04 May 2007


Gaping Void, by Hugh MacLeod

My love for you is unconditional. it's not something I'd previously measured. It's not something I'd thought of, ever, in terms of limits. They have yet to be reached. CarolinaMom gives me the word for my love for you: agape. And that's indeed what I feel for you, my sister in my family of choice. My person.

I'm wordless at present. They're developing, and will soon be yours. Only yours. I found these, for now, from college.

I love you. As ee cummings wrote, know that I carry your heart. I carry it in my heart.


squares of sunlight fell on her feet
light broken into quarters by shadows
lost in the squares until the sun fell
the aloneness a comfort after years of being heard
only by screaming the loudest

the sun slanted through the panes as she sat in the white room
full of silence and Catholic guilt
there to realize what she did wrong
she called in desperate need
and they brought her for "healing"
the world was caterwauling outside the window
and inside her head
she found safety in her solitary occupation

it reminded her of her grandmother's house
where "Momma" was laid out for hours in respect
she had wished only to close the lid
but her mother pushed her out to play
with her visiting cousins

she should have come here years ago
before her mother bundled her off to shrink after shrink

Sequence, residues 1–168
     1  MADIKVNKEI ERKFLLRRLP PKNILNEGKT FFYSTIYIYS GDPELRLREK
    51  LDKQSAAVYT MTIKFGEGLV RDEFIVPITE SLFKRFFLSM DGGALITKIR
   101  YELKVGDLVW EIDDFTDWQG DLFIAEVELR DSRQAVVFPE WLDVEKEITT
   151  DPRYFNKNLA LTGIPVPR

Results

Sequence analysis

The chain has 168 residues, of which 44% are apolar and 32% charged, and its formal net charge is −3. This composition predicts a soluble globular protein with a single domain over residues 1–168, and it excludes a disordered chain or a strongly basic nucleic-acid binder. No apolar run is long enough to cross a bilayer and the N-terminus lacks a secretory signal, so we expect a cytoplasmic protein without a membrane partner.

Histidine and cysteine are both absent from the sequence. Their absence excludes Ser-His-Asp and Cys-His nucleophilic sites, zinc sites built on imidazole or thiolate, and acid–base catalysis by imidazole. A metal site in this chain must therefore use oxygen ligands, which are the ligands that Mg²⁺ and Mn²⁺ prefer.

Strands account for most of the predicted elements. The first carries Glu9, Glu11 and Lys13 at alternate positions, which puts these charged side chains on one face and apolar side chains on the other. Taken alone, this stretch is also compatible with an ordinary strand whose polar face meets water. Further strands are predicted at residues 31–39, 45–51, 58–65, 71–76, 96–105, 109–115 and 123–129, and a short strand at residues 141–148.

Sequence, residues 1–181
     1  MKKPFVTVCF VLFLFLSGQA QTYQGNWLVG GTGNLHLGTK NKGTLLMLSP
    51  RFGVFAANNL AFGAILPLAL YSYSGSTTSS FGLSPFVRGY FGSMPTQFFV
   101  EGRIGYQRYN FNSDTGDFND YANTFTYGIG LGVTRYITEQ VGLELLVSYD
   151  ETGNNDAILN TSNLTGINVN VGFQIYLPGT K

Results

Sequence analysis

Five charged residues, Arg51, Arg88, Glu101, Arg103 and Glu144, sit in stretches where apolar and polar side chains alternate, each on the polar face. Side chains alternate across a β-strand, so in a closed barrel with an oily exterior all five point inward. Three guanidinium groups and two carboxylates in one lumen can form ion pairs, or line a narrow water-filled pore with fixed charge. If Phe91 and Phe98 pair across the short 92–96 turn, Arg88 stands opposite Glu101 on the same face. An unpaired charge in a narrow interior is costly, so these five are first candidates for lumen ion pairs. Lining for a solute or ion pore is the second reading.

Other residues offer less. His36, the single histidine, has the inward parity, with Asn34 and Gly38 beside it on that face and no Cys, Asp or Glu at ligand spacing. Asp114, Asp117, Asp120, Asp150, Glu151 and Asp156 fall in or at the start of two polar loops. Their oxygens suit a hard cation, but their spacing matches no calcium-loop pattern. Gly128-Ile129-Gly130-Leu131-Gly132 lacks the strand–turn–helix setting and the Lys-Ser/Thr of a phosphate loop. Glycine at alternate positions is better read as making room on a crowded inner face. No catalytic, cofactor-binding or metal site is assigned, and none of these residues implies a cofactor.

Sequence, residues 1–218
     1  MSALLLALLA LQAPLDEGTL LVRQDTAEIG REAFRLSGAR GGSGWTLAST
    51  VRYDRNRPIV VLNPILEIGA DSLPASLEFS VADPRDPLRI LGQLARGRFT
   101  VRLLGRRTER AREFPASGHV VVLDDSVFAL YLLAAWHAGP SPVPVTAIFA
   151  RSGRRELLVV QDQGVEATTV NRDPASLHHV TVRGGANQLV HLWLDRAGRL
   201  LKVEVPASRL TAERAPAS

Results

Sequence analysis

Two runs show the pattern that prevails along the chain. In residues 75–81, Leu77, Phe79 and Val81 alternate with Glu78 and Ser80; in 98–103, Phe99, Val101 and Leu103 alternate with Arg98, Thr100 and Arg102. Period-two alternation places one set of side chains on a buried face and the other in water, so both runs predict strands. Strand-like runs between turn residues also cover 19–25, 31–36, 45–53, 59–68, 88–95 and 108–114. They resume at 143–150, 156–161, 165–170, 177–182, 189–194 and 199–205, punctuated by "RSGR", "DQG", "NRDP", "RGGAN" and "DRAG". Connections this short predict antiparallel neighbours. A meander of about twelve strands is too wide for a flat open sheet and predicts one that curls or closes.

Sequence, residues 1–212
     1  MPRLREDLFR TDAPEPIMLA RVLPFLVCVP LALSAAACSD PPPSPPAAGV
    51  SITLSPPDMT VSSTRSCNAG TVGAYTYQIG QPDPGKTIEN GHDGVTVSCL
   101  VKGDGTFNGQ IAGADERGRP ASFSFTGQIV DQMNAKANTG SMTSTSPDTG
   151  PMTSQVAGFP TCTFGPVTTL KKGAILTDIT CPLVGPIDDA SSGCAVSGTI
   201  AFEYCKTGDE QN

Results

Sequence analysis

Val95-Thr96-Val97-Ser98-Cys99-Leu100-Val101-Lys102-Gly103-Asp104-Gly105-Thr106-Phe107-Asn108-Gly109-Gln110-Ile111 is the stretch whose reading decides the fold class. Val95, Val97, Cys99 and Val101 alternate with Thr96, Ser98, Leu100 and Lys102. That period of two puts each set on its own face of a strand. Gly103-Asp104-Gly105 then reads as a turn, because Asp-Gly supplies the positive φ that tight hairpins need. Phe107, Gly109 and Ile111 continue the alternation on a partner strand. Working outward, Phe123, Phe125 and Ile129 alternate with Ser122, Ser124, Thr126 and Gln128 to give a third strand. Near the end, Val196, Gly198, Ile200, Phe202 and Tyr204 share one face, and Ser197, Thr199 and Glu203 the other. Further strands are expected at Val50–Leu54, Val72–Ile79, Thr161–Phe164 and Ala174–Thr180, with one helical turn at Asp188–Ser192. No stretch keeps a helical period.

because of the drug after drug she was given
she might not have dropped out of school
two years and now settled comfortably
in the routine of the pill and the comfort
of a nice Jewish doctor's couch

she leaves the white room, a prescription for a diploma,
and moves to Seattle
where strangers don't ask instrusive questions
the joyce carol oates questions
instead admiring her tenacity

she paints again, her first showing near the university
she spies her work at night, walking home from
her job as a dinner chef
her art and herself reflected
through the front room window
its corner, the ghost of the annual church fair at home
the carnival's swings brightly lit
the chairs swirling at mad angles
the moon waning above, haloed in clouds
men, tilted from drinking, sobering up in the bingo hall
women catching up on parish news

she races the leaves home in the brisk evening
tripping across her childhood supersition
three circles of gusting leaves as bad luck
she stops. waiting. watching.
the fourth circle spirals from the ground
her leisurely pace resumes
calling "ollie ollie in come free"

James, by Mark Tonra

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